When I searched for ‘language’ on Africa on the Blog, the last contribution I found was by Gloria Uzo Nweke, in March 2015. It’s a passionate post, in which she argues that Africans “have a rich history to celebrate and take pride in.” She points to Africa’s old written scripts. She makes a valid point – but what to do with it?
In another comment I found on African Arguments, a reader said: “The African continent differs from all others by the very large number of its indigenous languages. Estimates range from 700 to 3000 different languages and dialects.” This indeed seems to be a very commonly held belief, and it may be one reason why in Africa, local languages have a much lower status than in most European countries.
But – what is a language, really? When I, as a layman, let my friend Google do its work I find beautiful sites such as those of the Ethnologue and the Joshua Project, which try to classify all the languages and peoples of the world.
It is important to note their background: both of these were set up in the past by American Protestant missionaries, who sought (and are still seeking) to bring the Gospel in all the ‘tongues’ God created after the fall of the Tower of Babel. In other words – these sites were set up by persons interested in finding as many differences as possible, instead of being interested in finding as many commonalities as possible.
When I, as a layman, then look at my own home country, the Netherlands, I see that the Ethnologue credits our small country with twelve different languages being spoken here, not counting sign language and two gypsy languages. To the modern Dutchman, this seems absurd – the lay person knows only two: Dutch and Frisian. Yes, there are variants of Dutch spoken in different parts and they are not completely mutually intelligible. But still – that is all seen as part of what one might call the Dutch language continuum.
In fact, in the past century or so, a conscious effort has been made in the Netherlands to build, unify and protect the Dutch language and in part, this is responsible for the fact that Dutch is even today a vigorous, widely used language.
And this is not only the case for Dutch. French, Italian, German are all standard languages which have evolved from a continuum of dialects, in part by conscious effort from governments and many others.
This does not only apply to European languages either. Modern Turkish, for example, was much reformed and standardized under the guidance of the Turkish Language Association, set up in 1932. So now, modern Turkish provides a common ground for the 35 or so Turkic languages that exist.
In Africa, there are some examples as well. In the Central African Republic, Sango, an Ubangian language, has official status. This is because most of the people in that country in fact speak one of the Ubangian ‘languages’. And then there is South Africa, of course, with nine official African languages, ten if you count Afrikaans, plus English.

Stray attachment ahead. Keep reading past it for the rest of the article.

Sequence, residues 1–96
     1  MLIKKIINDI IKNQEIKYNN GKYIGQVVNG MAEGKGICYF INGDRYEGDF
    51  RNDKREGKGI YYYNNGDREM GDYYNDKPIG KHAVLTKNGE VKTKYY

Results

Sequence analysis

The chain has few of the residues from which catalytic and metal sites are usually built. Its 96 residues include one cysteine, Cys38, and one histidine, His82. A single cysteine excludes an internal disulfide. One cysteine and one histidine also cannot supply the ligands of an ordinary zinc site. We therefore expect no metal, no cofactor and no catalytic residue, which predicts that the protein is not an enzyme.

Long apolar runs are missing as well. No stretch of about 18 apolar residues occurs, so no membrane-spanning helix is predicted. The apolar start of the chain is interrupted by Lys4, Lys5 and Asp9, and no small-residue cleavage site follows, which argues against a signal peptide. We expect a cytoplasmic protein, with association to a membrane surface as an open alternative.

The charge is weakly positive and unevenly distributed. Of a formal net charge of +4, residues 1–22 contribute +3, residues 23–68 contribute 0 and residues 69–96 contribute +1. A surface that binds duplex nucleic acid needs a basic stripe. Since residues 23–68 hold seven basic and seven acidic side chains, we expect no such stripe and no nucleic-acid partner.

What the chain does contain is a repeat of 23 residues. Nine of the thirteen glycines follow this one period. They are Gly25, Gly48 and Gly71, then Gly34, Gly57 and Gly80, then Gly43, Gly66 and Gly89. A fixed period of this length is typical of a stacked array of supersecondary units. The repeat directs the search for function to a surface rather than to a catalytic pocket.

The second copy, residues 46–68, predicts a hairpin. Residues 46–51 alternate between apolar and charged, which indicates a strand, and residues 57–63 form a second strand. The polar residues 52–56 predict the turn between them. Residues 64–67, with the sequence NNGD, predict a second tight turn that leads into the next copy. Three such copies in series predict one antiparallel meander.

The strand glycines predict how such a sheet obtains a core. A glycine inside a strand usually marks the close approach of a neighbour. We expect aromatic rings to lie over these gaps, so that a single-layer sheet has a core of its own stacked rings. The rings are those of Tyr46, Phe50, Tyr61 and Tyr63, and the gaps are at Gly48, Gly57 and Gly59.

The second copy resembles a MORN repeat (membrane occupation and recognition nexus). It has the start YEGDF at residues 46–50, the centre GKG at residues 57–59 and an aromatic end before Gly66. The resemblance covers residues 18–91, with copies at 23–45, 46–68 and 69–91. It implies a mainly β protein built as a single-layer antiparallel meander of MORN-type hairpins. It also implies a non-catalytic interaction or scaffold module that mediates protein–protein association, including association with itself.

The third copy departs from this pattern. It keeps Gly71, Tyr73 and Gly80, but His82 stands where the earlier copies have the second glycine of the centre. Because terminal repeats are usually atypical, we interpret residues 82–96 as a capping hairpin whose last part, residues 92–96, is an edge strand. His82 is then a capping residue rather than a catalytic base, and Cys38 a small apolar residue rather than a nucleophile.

In general, though, in Africa, local languages are not protected, barely studied, and not studied from the point of view of what they have in common, rather than what is different. Local languages are not supported or promoted. In the EU, a language like Maltese, with fewer than 550,000 speakers, has official status. In Uganda, Ganda, with around five million speakers, has no official status at all.
If I ask my friend Google to work harder, I find that there is indeed the African Academy of Language, based in Mali. It is, however, so pitifully under-resourced that it cannot do much serious work. Then, there is the CERTODOLA, the International Centre for Research and Documentation of African Traditions and Languages – even worse off. Then, there is CICIBA, the International Centre for Bantu Civilizations – to be rehabilitated ‘soon’.
In Africa, like in Europe and in other parts of the world, there must be a number of distinct and distinguishable dialect continuums that together can form more standard languages. Those languages can be used for vehicles of communications and for art and literature (and in fact in many countries, this is happening on the ground, such with as Lingala in Congo or Sango in the C.A.R.). The number of these languages we don’t know – but is certainly not thousands. Has not the time come to put resources into these, to study, protect and foster them?
This idea forms part of a wider exposé in my new longread, “African Identities: a New Perspective”. It is available free of charge to readers of this blog via this link, using DS86D as the promotional code.
Bert is a Dutchman who was trained as a social scientist. He has been active in the environment and development movement in the Netherlands and elsewhere, starting his ‘career’ in the Anti-Apartheid movement. Bert has lived in Kenya for four years and is passionate about anything related to culture and intercultural communications. He is a world citizen with a particular interest in Africa, loved for its diversity and richness.